Effects of acute exercise on executive function: a study with a Tower of London Task 2011 1214 The purpose of this study is to extend the literature by examining the effects of an acute bout of moderate to vigorous intensity aerobic exercise on the executive functions of planning and problem solving assessed using a Tower of London Task (TOL T...
Effects of acute exercise on long-term memory 2011 3956 In this study, we tested the effect of acute exercise on long-term memory, specifically the timing of exercise relative to the memory challenge. We assessed memory via paragraph recall, in which participants listened to two paragraphs (exposure) and ...
The effects of physical activity on attention deficit hyperactivity disorder symptoms: The evidence 2011 3740 Evidence supports the beneficial effects of physical activity (PA) on cognitive performance and suggests that effects might be particularly large for children. However, limited research has explored PA as a means of managing behavioral symptoms and i...
Examining the time course of attention during golf putts of two different lengths in experienced golfers 2014 742 A dual-task paradigm was used to investigate the time course of attention during putting relative to task difficulty (6 ft vs. 12 ft). Putting performance and reaction time (RT) were measured while 20 experienced golfers responded verbally to an audi...
Examining the time course of attention in a soccer kick using a dual task paradigm 2013 1012 A dual-task paradigm was implemented using a repeated measures design to determine the time course of attention demands during performance of a soccer penalty kick. Experienced soccer players (N = 15) were asked to perform a 12-yard soccer-style pena...
The Immediate and Delayed Effects of an Acute Bout of Exercise on Cognitive Performance of Healthy Older Adults 2010 1570 Research on the acute effects of exercise on cognitive performance by older adults is limited by a focus on nonhealthy populations. Furthermore, the duration of cognitive improvements after exercise has not been examined. Thus, this study was designe...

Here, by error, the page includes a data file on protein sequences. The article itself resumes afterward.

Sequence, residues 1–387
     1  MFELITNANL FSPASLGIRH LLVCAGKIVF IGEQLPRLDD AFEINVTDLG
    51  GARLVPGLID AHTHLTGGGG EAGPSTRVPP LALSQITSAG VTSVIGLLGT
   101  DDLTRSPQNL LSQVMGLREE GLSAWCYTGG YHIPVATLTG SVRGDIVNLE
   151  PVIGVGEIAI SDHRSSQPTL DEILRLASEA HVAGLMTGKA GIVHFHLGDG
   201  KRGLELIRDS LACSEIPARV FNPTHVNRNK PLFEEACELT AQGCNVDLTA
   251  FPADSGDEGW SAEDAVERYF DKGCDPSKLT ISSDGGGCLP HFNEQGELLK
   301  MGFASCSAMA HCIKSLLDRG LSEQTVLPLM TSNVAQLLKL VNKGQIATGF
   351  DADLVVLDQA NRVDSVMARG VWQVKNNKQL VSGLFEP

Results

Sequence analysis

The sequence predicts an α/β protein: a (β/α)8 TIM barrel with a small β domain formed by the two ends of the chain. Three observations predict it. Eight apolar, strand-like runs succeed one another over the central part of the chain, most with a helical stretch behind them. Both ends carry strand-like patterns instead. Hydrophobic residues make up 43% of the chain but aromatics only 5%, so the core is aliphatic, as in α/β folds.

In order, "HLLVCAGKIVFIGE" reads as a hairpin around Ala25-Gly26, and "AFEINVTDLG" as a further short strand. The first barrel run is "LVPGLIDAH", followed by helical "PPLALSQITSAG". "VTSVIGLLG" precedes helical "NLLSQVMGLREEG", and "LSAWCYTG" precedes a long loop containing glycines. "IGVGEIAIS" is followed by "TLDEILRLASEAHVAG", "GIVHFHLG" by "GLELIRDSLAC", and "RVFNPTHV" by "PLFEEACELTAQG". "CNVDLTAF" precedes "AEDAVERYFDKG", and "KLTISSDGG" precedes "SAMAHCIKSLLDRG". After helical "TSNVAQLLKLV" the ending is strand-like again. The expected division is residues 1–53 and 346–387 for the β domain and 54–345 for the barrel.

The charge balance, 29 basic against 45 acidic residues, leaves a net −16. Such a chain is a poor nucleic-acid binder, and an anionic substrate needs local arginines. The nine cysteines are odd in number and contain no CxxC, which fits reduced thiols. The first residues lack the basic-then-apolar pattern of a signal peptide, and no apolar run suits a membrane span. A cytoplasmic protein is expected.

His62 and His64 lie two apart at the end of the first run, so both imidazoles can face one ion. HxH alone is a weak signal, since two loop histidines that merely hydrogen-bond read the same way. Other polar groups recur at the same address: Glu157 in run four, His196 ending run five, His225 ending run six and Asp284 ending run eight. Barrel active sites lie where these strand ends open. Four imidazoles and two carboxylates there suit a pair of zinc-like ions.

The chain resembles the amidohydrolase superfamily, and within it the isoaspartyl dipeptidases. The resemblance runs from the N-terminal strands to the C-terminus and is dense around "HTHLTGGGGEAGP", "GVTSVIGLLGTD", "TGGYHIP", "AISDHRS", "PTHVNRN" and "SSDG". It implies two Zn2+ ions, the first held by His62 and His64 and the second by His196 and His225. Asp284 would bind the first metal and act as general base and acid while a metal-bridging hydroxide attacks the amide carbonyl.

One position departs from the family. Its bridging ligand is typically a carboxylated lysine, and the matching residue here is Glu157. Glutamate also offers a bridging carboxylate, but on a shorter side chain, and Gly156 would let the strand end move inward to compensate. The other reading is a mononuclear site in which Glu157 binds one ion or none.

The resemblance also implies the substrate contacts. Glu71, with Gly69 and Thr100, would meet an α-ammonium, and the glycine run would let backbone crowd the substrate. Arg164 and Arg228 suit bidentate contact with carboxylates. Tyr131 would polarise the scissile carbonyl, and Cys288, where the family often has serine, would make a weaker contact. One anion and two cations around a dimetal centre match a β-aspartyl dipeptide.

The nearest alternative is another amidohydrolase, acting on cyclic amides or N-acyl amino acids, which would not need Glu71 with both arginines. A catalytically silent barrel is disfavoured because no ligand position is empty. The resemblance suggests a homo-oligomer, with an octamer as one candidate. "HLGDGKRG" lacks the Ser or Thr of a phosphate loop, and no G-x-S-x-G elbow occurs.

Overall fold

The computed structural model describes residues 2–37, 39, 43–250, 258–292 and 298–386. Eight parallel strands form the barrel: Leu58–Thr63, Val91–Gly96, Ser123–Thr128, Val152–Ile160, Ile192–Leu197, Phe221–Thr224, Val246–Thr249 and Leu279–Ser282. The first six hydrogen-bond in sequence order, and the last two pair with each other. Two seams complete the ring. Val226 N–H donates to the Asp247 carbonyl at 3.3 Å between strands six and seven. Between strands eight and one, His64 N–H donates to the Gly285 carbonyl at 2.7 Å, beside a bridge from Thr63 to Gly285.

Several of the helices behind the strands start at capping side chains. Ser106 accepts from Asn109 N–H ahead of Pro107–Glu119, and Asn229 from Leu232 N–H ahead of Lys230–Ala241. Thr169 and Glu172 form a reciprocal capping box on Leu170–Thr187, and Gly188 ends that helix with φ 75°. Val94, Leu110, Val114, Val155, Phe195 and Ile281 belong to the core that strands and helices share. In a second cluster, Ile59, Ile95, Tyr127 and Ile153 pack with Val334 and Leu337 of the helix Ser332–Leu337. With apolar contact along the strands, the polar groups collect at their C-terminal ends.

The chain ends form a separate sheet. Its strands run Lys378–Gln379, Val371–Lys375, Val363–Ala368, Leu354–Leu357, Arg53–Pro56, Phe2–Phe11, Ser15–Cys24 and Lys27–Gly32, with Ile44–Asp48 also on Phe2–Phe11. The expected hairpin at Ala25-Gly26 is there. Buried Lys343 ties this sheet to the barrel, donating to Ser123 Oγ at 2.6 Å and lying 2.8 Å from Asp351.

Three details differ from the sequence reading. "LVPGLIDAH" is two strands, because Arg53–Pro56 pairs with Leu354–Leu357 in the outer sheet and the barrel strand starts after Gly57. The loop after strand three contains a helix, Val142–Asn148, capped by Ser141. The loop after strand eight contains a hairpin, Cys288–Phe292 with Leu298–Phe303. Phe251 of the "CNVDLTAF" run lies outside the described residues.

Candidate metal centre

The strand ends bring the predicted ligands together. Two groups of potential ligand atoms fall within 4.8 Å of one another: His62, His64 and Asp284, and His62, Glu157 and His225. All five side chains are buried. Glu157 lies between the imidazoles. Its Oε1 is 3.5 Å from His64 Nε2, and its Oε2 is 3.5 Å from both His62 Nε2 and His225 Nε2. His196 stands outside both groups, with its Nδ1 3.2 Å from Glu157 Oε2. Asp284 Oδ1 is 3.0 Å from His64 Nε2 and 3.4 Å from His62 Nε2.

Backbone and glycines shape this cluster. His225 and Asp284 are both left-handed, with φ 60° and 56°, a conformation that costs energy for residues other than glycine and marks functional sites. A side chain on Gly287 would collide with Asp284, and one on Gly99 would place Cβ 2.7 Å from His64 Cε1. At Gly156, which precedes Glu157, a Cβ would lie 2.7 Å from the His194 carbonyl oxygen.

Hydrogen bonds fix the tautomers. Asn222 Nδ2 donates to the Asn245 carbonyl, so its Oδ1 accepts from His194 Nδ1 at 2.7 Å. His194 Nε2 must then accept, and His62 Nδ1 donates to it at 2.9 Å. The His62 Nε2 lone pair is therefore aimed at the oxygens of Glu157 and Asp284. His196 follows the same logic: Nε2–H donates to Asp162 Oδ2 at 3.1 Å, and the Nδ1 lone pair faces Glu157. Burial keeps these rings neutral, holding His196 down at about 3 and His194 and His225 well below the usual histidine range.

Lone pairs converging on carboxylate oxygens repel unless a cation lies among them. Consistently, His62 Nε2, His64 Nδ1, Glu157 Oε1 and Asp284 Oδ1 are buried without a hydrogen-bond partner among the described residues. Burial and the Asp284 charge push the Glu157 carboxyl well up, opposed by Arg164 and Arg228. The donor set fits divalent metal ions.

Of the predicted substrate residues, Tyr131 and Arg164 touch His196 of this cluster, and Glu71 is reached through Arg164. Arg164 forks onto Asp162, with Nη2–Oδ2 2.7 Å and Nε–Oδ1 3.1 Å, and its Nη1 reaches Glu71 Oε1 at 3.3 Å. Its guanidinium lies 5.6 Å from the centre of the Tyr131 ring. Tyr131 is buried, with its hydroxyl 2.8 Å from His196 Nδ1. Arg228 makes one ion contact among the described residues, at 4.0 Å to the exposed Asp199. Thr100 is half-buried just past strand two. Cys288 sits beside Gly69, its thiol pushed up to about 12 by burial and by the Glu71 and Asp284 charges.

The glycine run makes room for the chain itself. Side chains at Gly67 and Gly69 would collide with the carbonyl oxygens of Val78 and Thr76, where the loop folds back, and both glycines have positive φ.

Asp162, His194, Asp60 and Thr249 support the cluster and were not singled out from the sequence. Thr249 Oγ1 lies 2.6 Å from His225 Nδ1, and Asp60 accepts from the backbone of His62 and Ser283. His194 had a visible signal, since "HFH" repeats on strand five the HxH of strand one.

Innovative Research Exploring the Effects of Physical Activity and Genetics on Cognitive Performance in Community-Based Older Adults 2015 805 Physical activity is predictive of better cognitive performance and lower risk of Alzheimer’s disease (AD). The apolipoprotein E gene (APOE) is a susceptibility gene for AD with the e4 allele being associated with a greater risk of AD. Cross-sectiona...
Parental perceptions of the effects of exercise on behavior in children and adolescents with ADHD 2014 1103 Background: Anecdotally, parents often report that children with attention deficit hyperactivity disorder (ADHD) who engage in regular physical activity (PA) experience positive behavioral changes. The purpose of this study was to examine this anecdo...
Physical Activity and Cognition in Older Adults: The Potential of Tai Chi Chuan 2010 933 The purpose of this article is to review the potential of Tai Chi Chuan as a mode of physical activity that could have cognitive benefits for older adults and to provide potential directions for future research. A brief introduction to Tai Chi Chuan ...
The Relationship Between Physical Activity and Executive Function Performance in Children With Attention-Deficit Hyperactivity Disorder 2010 3331 Children with attention-deficit hyperactivity disorder (AD/HD) consistently perform worse on executive function (EF) tasks relative to those without AD/HD. Physical activity has a small effect on cognition in children and may be particularly benefici...